JOURNAL ARTICLE
RESEARCH SUPPORT, NON-U.S. GOV'T
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Primary chronic cold agglutinin disease: an update on pathogenesis, clinical features and therapy.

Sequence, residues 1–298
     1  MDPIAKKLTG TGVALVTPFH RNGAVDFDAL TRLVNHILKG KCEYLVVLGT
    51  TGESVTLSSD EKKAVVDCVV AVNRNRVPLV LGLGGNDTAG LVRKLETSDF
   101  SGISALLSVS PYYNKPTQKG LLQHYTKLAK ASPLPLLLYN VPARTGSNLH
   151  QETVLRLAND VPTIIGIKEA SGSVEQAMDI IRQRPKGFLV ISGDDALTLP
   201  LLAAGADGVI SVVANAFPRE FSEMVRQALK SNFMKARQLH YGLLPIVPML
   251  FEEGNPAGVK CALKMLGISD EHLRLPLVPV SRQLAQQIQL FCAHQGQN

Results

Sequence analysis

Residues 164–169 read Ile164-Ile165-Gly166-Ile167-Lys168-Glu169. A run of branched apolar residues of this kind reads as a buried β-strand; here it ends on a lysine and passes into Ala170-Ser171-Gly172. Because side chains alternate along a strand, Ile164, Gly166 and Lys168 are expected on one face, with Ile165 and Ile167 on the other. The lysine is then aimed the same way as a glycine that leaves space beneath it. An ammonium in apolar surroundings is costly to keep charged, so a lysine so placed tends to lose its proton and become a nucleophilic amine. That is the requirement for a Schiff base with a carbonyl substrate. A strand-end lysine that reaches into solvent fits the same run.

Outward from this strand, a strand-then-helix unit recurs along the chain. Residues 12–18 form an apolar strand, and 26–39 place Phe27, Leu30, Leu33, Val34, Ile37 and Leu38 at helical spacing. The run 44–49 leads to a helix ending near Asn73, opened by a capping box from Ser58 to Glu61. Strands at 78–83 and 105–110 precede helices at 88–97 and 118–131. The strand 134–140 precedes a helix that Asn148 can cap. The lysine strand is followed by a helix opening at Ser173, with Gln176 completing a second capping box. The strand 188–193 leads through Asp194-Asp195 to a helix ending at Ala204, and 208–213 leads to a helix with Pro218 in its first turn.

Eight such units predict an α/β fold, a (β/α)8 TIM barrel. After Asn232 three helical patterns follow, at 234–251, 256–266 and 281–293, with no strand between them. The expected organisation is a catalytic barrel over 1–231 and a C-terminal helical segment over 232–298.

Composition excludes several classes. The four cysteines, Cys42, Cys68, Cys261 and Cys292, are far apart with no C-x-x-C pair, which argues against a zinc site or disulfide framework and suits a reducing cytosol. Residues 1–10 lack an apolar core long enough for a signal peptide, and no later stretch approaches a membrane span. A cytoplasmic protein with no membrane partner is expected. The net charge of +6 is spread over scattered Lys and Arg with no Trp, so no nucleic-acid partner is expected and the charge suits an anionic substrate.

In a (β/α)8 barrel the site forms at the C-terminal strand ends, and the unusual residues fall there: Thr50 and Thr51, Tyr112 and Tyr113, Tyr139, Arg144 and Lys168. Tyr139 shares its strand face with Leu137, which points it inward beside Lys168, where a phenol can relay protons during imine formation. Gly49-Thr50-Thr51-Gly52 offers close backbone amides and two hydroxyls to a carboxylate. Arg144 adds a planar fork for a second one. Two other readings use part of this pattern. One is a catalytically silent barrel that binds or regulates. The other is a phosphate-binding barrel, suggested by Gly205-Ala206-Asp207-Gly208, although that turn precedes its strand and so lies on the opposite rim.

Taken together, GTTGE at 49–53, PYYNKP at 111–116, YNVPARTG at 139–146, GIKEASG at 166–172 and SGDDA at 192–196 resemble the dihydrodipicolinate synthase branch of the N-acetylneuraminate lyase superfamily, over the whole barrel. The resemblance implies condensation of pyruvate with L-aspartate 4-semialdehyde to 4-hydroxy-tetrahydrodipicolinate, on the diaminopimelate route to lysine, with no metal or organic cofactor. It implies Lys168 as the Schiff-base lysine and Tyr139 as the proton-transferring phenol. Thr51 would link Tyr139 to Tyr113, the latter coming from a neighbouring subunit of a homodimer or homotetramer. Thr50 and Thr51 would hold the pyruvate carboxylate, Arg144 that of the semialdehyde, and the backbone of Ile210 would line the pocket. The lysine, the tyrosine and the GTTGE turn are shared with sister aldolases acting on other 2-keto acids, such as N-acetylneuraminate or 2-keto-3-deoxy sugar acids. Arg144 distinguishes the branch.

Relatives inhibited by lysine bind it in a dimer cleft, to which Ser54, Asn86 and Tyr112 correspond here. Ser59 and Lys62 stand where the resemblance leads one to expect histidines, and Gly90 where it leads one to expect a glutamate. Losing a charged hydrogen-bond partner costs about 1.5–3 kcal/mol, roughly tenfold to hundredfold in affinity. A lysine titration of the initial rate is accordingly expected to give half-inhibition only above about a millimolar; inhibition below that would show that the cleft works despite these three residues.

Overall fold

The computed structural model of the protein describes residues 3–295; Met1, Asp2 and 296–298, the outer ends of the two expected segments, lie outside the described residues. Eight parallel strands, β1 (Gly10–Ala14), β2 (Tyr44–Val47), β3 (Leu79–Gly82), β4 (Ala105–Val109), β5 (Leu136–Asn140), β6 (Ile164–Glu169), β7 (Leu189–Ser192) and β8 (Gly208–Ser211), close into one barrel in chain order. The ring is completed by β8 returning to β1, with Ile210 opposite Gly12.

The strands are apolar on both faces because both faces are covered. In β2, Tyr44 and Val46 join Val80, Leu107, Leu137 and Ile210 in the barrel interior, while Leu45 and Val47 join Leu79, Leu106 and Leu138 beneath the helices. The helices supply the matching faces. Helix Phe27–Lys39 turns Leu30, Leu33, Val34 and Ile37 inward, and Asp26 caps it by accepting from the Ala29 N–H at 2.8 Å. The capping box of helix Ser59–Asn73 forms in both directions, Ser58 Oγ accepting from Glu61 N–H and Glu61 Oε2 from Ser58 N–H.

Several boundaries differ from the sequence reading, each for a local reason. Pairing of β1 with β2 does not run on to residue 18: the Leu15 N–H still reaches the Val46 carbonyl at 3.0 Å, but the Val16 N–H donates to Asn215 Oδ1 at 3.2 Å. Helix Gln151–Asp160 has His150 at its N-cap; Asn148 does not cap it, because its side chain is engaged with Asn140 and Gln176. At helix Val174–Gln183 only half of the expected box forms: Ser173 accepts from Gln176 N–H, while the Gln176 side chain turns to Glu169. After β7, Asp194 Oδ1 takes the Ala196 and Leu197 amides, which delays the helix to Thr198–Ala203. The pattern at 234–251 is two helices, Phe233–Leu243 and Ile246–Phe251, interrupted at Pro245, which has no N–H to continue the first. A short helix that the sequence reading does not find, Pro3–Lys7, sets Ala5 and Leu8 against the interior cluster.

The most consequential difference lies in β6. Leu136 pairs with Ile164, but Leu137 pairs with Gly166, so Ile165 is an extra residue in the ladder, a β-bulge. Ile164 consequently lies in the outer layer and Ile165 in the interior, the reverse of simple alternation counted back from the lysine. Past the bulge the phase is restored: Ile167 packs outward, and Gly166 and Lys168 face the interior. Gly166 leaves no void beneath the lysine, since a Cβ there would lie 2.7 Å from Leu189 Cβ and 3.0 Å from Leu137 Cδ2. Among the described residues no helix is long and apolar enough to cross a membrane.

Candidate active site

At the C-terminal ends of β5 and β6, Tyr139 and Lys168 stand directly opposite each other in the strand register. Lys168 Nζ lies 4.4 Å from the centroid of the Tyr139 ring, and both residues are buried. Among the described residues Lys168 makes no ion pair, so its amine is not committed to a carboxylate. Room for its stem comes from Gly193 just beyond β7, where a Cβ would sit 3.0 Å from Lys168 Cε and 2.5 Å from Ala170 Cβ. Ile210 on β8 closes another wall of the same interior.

Chronic cold agglutinin disease (CAD) is a subgroup of autoimmune hemolytic anemia. Primary CAD has traditionally been defined by the absence of any underlying or associated disease. The results of therapy with corticosteroids, alkylating agents and interferon-alpha have been poor. Cold reactive immunoglobulins against erythrocyte surface antigens are essential to pathogenesis of CAD. These cold agglutinins are monoclonal, usually IgMkappa autoantibodies with heavy chain variable regions encoded by the V(H)4-34 gene segment. By flowcytometric and immunohistochemical assessments, a monoclonal CD20+kappa+B-lymphocyte population has been demonstrated in the bone marrow of 90% of the patients, and lymphoplasmacytic lymphoma is a frequent finding. Novel attempts at treatment for primary CAD have mostly been directed against the clonal B-lymphocytes. Phase 2 studies have shown that therapy with the chimeric anti-CD20 antibody rituximab produced partial response rates of more than 50% and occasional complete responses. Median response duration, however, was only 11 months. In this review, we discuss the clinical and pathogenetic features of primary CAD, emphasizing the more recent data on its close association with clonal lymphoproliferative bone marrow disorders and implications for therapy. We also review the management and outline some perspectives on new therapy modalities.

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